Golden Age of the Web

Skip to first unread message

Sean B. Palmer

May 6, 2011, 5:28:40 PM5/6/11
to Gallimaufry of Whits
We have a consensus on Swhack that the golden age of the web was 1999,
for some reason. We were talking about our own pages from that year,
and I said I'd try to find a few of mine. As I was looking through old
discs, I also found some pages from 2000, and they showed that I was
working on web formats very early in the year. I was quite surprised
by this, because I thought I picked up web format stuff in around
August 2000, not February.

Perhaps there's not a big difference, but it was a shock to me because
around the beginning of the year I was working on a lot of art stuff.
The transition to working on technology was gradual, but this makes it
seem that it caught my attention more early than I'd thought. So it's
an important date, because a lot of my friends and hobbies are still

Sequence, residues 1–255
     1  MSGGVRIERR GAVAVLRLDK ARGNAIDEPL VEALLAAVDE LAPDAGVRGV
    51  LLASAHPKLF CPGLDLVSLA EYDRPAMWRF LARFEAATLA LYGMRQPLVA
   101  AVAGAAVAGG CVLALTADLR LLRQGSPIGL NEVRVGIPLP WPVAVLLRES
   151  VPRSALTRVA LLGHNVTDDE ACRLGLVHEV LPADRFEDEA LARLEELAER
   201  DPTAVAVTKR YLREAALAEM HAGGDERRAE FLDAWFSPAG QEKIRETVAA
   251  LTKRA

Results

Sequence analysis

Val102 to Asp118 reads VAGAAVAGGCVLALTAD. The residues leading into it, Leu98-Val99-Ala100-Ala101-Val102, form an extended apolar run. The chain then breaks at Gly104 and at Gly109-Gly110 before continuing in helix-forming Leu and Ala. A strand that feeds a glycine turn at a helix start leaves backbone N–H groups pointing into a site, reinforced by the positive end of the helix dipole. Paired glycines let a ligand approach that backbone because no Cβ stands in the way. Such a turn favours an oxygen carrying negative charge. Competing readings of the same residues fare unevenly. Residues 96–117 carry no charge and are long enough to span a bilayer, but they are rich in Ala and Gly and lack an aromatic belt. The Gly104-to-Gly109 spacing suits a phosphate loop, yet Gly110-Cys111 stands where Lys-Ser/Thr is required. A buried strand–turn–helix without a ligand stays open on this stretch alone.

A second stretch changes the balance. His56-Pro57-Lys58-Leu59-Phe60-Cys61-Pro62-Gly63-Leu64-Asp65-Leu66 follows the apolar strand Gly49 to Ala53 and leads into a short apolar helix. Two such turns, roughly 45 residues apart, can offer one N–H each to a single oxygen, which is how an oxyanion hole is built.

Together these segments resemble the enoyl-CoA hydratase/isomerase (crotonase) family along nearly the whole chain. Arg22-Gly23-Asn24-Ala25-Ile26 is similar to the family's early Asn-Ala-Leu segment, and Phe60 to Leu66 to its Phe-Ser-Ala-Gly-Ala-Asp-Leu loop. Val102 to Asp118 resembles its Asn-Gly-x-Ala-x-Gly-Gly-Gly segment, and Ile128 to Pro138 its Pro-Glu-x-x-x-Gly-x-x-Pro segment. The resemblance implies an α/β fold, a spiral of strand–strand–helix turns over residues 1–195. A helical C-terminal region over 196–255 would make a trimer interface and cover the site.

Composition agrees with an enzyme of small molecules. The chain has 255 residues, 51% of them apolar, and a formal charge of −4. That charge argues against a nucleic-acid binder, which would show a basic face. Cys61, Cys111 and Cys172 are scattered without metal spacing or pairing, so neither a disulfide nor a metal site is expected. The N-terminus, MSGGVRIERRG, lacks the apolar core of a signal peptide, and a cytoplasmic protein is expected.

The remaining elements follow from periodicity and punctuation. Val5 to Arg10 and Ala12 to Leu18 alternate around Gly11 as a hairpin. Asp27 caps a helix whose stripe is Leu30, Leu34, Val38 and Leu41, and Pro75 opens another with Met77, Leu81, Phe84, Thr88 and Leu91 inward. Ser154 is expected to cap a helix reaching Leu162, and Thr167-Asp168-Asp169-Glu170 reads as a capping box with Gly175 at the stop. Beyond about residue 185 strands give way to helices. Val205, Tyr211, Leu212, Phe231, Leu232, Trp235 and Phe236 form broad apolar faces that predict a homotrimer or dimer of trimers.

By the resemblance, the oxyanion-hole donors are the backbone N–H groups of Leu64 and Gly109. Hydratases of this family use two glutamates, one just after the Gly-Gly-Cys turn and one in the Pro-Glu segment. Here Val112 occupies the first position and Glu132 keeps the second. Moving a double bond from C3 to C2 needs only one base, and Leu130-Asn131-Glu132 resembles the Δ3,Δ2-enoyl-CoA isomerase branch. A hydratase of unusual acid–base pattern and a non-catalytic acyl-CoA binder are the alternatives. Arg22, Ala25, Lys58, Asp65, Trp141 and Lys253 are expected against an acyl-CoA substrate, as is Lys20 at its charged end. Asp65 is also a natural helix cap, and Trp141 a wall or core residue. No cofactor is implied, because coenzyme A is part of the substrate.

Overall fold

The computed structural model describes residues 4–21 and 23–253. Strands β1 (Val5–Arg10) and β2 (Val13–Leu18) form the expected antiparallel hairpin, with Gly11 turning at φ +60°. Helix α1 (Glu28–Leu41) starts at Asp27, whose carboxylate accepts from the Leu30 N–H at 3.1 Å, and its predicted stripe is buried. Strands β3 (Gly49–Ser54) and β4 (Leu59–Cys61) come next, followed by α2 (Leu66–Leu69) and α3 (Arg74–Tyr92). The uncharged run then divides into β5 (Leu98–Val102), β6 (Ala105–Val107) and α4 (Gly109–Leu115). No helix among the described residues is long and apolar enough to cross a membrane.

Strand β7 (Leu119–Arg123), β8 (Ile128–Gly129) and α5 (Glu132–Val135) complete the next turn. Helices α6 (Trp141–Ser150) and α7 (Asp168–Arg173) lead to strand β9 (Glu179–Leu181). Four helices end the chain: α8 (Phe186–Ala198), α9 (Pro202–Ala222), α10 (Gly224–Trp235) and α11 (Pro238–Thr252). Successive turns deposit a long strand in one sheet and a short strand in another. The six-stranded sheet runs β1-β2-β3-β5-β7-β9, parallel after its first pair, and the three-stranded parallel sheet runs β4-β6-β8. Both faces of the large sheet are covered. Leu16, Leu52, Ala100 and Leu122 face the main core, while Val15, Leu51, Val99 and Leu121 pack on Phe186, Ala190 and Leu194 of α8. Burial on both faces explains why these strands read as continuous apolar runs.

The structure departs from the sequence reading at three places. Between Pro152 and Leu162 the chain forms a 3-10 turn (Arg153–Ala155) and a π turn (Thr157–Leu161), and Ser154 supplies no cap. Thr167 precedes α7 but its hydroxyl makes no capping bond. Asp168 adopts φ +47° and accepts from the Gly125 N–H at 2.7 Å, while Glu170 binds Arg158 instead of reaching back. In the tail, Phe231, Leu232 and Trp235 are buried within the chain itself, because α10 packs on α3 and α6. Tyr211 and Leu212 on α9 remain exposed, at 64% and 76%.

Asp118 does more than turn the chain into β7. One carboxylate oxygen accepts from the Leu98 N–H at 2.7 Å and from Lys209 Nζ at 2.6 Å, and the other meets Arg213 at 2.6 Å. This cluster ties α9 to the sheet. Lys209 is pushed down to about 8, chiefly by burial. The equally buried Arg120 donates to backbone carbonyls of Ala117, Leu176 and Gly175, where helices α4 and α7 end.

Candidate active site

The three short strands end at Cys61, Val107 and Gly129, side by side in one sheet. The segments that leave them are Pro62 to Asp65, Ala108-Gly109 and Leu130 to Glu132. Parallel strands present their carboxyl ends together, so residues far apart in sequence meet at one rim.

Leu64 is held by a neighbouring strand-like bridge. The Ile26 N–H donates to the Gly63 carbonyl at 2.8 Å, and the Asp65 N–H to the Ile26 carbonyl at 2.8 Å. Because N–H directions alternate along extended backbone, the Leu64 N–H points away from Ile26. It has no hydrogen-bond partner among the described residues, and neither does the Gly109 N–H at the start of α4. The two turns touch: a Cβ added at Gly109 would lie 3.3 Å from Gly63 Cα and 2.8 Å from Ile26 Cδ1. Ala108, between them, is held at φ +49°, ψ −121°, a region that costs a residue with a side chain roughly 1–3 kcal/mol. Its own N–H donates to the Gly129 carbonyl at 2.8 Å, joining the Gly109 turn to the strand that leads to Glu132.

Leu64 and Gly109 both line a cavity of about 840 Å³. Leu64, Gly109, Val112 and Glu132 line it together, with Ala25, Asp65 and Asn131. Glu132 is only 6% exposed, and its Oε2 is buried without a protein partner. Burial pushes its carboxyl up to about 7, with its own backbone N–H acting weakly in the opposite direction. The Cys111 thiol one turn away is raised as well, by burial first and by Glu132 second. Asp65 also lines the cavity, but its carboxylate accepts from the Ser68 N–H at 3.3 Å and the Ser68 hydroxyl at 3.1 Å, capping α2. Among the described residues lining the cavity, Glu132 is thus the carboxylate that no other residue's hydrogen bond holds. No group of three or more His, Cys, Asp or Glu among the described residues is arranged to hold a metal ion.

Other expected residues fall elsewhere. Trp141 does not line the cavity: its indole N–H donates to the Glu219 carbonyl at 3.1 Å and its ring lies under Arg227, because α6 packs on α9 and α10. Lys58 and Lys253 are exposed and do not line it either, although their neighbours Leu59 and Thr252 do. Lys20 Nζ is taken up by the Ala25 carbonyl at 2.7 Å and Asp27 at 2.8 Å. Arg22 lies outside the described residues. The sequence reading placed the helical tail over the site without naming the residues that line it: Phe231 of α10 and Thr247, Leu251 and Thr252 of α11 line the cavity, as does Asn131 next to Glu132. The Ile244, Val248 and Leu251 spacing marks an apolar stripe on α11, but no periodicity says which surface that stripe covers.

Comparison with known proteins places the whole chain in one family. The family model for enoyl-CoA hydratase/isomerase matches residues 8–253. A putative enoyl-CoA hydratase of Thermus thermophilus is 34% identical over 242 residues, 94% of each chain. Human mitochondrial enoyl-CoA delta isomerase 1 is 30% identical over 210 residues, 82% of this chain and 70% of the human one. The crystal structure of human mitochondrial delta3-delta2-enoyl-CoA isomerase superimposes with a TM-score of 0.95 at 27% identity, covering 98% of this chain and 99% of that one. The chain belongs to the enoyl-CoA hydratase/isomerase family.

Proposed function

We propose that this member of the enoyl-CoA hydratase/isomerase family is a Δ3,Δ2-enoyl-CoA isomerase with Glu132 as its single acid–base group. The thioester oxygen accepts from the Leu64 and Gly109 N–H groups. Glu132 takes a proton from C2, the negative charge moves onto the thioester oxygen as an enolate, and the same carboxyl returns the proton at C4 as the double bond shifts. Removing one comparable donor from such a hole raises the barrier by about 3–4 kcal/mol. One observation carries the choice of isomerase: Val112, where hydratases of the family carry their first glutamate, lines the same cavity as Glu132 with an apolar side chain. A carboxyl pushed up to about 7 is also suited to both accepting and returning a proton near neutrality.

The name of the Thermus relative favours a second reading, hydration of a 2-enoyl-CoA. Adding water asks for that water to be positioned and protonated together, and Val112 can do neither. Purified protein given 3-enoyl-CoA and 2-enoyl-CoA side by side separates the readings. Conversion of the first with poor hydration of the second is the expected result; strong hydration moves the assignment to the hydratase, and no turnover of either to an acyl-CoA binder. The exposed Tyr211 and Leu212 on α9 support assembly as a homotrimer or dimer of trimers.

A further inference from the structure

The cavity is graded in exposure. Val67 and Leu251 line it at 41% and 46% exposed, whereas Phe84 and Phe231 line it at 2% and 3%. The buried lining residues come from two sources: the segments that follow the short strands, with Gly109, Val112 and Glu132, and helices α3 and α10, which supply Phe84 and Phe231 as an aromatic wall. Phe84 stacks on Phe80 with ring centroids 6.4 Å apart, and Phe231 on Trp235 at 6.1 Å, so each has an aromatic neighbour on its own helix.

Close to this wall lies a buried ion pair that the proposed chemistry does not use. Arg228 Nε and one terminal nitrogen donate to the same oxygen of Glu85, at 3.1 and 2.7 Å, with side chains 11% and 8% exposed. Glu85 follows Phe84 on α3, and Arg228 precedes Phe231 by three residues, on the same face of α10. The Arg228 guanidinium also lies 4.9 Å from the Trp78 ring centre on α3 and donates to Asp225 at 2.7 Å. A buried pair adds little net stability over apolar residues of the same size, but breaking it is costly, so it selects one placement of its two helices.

based on having got into web formats stuff.

Just as important is when I decided that I didn't really enjoy web
formats work anymore, which I remember came in an old essay series
that I was writing. I wrote some things about technology, and some
things which weren't about technology, and the ones which weren't
about technology were much more fun. I remembered that I wrote a post
about it, which is called Oversystematizing:

The essay series went on to be one of the most fun things that I've
worked on. The idea of it is probably best exemplified by the post
where I suggest that if you put some milk in first, then tea, and then
the rest of the milk in afterwards, you will please both the milk
first and the milk last camps. Incidentally, I tended to be more of a
milk last person, and this new idea didn't really change that because
around that time I was also starting to put a lot less milk in my tea,
so it was hard to split a very small amount into before and after

This description, anyway, is trivial but novel, in a very antiquarian
way. And that's what I was trying to go for. I was also looking for
things which took real research, and to make those key. I did quite a
lot of interesting casual research for that essay series. I did even
more for the followup series, Lo and Behold!, including one where
George Orwell had asked a question about 16th century melons. That's
the kind of learned trivium that was just right for this kind of

Reply all
Reply to author
0 new messages